For me, this brings up my work as a bodywork therapist. The work I do as a craniosacral therapy practitioner, massage therapist, and even a reiki practitioner in most cases is focused on treating the bodies of my clients. And yet, as a student of A Course In Miracles, I know the body is not the truth of who we are.
I love the guidance we receive from Jesus in reading this Cameo. The answer is not to stop doing this work with people who are coming to see me in support of their physical well-being. And it's certainly not to tell them it's all an illusion! Thank God, because I really care about my clients and I see the benefit they receive from the work we do together! This work feels like my way of joining with another, my way of expressing love and care.
The answer is for me to recognize I am working with an illusion. For me to remember the truth of who this person is - a perfect Son of God. And Jesus says "Try to say a prayer for your brother while doing this and you will call forth and experience a miracle instead."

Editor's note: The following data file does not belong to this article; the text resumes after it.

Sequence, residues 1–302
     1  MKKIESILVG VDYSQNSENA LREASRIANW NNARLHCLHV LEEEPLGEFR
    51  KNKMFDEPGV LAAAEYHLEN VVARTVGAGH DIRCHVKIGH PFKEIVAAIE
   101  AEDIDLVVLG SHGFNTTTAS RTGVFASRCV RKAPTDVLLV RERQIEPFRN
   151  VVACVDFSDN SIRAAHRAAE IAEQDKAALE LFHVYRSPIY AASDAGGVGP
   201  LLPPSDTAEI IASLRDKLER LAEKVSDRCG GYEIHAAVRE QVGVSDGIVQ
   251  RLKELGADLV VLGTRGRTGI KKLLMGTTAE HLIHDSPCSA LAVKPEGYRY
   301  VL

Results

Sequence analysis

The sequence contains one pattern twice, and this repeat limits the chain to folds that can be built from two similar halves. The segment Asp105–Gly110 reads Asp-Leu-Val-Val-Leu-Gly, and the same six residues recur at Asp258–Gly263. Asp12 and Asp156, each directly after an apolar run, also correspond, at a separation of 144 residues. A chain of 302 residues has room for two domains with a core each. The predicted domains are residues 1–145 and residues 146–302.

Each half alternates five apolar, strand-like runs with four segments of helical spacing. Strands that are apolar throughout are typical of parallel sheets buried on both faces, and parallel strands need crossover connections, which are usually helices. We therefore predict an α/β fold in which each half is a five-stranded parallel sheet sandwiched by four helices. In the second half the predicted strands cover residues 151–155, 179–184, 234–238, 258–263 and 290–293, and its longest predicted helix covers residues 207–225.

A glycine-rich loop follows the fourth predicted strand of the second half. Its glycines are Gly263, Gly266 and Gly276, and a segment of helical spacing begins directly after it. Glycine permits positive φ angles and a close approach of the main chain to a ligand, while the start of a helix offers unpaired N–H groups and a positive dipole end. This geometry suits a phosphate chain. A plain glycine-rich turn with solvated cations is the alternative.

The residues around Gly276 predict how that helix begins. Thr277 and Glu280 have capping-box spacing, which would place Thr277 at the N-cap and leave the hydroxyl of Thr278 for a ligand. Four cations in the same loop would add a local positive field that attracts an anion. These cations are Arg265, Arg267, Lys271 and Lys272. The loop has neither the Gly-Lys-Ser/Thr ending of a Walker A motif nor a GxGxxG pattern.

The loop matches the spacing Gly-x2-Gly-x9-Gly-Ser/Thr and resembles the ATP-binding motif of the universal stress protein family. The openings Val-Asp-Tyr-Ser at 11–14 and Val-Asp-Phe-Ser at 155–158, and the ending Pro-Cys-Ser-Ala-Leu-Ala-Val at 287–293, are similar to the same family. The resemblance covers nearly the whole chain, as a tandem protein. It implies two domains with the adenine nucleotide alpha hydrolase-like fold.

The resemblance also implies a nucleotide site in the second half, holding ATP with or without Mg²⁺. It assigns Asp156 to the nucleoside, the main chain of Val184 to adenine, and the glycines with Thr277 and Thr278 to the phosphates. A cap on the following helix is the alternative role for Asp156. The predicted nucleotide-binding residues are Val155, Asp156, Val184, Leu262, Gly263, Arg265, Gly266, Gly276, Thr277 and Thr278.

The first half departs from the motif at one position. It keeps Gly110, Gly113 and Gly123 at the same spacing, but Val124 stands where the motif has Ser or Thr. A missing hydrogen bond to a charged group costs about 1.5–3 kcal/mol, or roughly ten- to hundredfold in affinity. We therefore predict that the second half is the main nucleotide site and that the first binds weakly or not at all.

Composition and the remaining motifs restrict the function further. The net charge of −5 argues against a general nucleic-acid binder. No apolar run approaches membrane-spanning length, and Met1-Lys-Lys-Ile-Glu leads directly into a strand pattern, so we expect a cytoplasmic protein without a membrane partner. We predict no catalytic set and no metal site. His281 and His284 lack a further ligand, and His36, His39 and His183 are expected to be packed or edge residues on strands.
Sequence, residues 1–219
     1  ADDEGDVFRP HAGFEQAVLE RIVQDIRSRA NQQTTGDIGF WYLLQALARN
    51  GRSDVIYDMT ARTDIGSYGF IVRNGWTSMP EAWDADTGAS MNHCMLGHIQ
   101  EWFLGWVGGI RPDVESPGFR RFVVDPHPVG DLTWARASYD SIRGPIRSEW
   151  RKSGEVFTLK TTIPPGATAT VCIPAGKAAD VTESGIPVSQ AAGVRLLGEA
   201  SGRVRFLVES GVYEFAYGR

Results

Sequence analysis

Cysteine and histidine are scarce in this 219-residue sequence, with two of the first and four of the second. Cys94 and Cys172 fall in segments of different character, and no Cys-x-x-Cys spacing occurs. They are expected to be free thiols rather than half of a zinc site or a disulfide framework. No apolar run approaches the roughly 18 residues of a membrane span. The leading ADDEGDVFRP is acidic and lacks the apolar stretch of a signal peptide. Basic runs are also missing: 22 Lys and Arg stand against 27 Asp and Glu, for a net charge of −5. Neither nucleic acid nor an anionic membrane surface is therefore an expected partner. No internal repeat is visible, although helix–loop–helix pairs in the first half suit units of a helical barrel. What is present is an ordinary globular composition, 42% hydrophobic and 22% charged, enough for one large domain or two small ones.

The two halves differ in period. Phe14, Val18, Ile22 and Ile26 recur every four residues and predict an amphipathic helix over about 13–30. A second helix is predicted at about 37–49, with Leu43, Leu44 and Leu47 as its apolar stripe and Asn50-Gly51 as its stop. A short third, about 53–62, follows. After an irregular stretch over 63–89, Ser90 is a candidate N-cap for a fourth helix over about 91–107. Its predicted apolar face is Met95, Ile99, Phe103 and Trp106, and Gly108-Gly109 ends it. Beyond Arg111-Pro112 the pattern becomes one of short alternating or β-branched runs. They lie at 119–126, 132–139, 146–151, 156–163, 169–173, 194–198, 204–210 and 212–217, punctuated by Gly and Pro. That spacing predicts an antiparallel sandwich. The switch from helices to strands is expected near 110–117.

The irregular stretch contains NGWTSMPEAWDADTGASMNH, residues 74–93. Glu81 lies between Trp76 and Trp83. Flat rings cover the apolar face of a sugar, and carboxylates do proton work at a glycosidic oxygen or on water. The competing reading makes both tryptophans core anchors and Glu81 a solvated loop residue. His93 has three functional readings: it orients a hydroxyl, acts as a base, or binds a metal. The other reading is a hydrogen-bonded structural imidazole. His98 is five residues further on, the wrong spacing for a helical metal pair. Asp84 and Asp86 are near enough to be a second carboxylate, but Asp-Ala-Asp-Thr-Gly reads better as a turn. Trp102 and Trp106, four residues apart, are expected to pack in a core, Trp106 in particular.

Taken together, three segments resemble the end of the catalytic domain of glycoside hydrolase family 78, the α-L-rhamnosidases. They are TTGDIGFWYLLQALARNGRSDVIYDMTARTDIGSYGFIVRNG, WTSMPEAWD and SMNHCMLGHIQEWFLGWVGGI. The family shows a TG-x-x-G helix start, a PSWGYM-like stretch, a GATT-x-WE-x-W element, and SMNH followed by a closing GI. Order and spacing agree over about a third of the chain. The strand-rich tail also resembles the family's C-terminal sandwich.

"As you see him you will see yourself."
This is where it got interesting for me today. I'm called to the work I do because of my own lifelong struggles with anxiety. Most of my clientele are drawn to me because this is my focus in my practice. In a way, my personal experience with anxiety strengthens my ability to offer a safe and compassionate healing space and presence for others.
Over the past two years of intentionally studying and practicing ACIM, I have experienced healing in deeply profound ways. Recently, however, my anxiety has been heightened and difficult to navigate. I've been frustrated and tired of feeling like I get completely derailed by these fearful thoughts and stories. Gah!